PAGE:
Deeds and Dont’s

At $65 million, Robert Hurst’s 11,700-square-foot compound in Sagaponack is setting a new high-water mark in Hamptons real estate.


LIVING LARGE “ON GOLDMAN POND”


At $65 million, Robert Hurst’s 11,700-square-foot compound in Sagaponack is setting a new high-water mark in Hamptons real estate. The property is located on Sagg Pond, which is often referred to as “Goldman Pond” because its shorefront is populated with Goldman Sachs residents, such as former vice chairman Hurst, current CEO Lloyd Blankfein, and president Gary Cohn.

Hurst bought 33 acres of farmland in the 1990s for a reported $5 million at around the same time Ira Rennert bought his 63 potato-farm acres in Sagaponack for $11 million. While Hurst’s home plans seemed quite large in scale, given the modest nearby houses of artists and writers (such as Peter Matthiessen, who lives down the street), they were nothing compared to Ira Rennert’s 100,000-square-foot Fairfield. During that era, both projects went under the radar as all eyes were focusing on the terrible beach erosion that caused at least one house to wash into the ocean and most others to be moved back from the shoreline. “Nowadays there’s nothing remotely like it,” says Corcoran Group’s Debbie Loeffler, who has the Hurst listing with partner Julie Briggs. “It’s the only chance anyone will have to find a parcel as big as 33 acres on the water in Sagaponack. We really had a challenge looking for comparable properties for pricing.” The 2007 record-setting, $103 million Further Lane sale to Ron Baron was 40 acres of oceanfront land in East Hampton without a house. The barns on the land were donated to the town of East Hampton and now serve as town hall buildings. Of the Hurst property, Loeffler also notes, “Here, you have the bonus of an adjacent 19-acre preserve. A great part of the appeal is privacy—oceanfront isn’t even as private as this. And you can just paddle over to the beach if you want.”

The estate has eight bedrooms, eight-and-a-half bathrooms, vaulted ceilings, six fireplaces, a wood-paneled library, a media room, and a grand limestone entry gallery. The property includes a tennis court, mature gardens, and a separate building with a gym, as well as a built-in grill, screened patio, heated pool, and spa. “This home takes advantage of the tremendous views of both Sagg Pond and the Atlantic, creating opportunities for the house to unfold and present architectural moments and surprises around each corner,” says Arthur C. Hanlon, partner at Shope Reno Wharton, the property’s architect.

A hidden benefit, incredibly, is taxes. Public records show a $30,000 annual tax bill, a pittance compared to the $89,000 assessed on a $35 million property on Southampton’s Meadow Lane. Despite having one of the wealthiest ZIP codes in the country, Sagaponack, with only a Little Red Schoolhouse, enjoys a lower tax rate than the rest of the Hamptons, where soaring education costs translate into rising homeowner taxes.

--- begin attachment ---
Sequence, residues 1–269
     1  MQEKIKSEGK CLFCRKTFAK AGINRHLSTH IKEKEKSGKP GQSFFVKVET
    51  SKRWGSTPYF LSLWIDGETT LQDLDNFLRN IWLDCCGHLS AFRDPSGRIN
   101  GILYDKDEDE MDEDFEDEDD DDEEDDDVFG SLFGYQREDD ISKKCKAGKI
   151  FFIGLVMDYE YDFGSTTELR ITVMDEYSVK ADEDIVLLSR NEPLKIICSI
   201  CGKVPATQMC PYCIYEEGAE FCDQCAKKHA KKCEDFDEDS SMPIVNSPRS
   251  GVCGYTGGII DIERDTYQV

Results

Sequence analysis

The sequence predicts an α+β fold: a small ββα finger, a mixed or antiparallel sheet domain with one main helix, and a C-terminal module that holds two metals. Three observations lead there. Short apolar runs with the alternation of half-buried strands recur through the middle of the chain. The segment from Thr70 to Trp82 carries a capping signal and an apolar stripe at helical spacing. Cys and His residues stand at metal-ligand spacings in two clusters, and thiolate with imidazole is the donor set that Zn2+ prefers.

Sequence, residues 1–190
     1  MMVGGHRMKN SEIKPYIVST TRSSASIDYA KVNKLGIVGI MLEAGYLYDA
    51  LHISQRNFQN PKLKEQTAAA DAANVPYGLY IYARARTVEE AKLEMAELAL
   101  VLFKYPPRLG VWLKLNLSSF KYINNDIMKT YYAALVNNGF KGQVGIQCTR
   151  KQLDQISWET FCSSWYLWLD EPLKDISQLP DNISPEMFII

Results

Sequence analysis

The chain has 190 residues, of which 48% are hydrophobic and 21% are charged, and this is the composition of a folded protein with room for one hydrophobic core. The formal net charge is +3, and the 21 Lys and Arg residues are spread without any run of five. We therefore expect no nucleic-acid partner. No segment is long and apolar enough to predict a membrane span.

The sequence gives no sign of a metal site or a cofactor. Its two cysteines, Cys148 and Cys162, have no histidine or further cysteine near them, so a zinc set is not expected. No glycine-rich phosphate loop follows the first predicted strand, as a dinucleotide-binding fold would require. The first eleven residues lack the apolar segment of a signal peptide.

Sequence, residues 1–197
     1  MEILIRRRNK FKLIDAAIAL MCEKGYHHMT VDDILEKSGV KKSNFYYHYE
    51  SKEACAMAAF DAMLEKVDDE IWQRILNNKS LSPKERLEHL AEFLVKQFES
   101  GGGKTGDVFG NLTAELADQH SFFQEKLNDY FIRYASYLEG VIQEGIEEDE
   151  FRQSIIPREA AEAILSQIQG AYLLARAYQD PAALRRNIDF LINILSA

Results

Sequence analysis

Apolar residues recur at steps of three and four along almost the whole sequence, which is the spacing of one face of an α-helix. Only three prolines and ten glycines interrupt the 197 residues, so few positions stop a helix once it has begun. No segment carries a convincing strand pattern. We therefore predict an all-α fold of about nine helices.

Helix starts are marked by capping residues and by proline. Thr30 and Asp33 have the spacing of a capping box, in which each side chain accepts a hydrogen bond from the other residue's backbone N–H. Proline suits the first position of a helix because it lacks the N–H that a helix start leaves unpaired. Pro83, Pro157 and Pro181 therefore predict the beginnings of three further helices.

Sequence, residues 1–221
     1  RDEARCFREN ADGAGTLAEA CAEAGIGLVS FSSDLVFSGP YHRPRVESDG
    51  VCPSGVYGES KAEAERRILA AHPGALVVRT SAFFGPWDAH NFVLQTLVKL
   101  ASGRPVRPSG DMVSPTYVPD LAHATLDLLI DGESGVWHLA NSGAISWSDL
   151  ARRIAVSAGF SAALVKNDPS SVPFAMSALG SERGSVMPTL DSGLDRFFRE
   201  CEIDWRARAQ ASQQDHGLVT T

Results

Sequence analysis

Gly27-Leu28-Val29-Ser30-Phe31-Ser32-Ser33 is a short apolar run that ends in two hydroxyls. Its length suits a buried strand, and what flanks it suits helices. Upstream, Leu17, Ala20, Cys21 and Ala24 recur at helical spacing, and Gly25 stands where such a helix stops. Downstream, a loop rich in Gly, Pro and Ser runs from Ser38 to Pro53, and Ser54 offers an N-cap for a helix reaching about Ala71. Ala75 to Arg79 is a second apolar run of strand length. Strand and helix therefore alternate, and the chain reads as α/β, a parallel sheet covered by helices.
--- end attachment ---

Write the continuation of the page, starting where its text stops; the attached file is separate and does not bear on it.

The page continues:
THE PARRISH SELLS A PIECE OF ITS PAST
The Parrish Art Museum’s Carroll Petrie Center for Education Building at 11 Jobs Lane, adjacent to the main museum, has reportedly sold for $2.875 million to Ajax Holdings LLC. As part of an original expansion plan, the Parrish bought the historic brick building (then the Rogers Memorial Library) for $1.1 million in 2000. Funding came from board member Carroll Petrie, who donated $3 million toward the purchase and renovation.

The original idea was to renovate and expand the main museum at 25 Jobs Lane with the ability to create a mini-campus at 11 Jobs Lane, according to museum director Terrie Sultan. The ultimate rejection of this plan by Southampton Village inspired the idea to move the museum’s entire operation of exhibition, education, and event space into one building. This led to the commission of the new Herzog & de Meuron–designed museum in Water Mill, which is expected to be completed this fall.

The reported owner of Ajax Holdings LLC is Jonathan S. Sobel, a former Goldman Sachs partner who has been a longtime supporter of the Parrish Art Museum (his wife is a trustee). Sobel has been working his way around the automotive district of the Hamptons, having recently purchased the local BMW and Mini of Southampton and Audi dealerships. He has reportedly agreed to lease the building at 11 Jobs Lane to the Parrish for $1 until the final move to Water Mill.
 

 “This market has legs, and it will continue to be a strong season
unless global conflicts really erupt”

 

Southampton Mayor Mark Epley is on the record saying that Sobel plans to restore the building, which dates to 1893, when local resident Harriet Jones Rogers bequeathed the land and $10,000 to build a library in memory of her mother, Clara. Grosvenor Atterbury designed an addition in 1915, and it served for more than a century as the Rogers Memorial Library.

Exact plans for the new space have not been revealed, but there is speculation it could be a retail and office space. Is that Clara rolling over in her grave at the thought of designer purses possibly taking the place of poetry? Locals who view the building and its front yard as sacred turf for everything from ice-cream eating to the annual menorah lighting have expressed concern for the building’s future.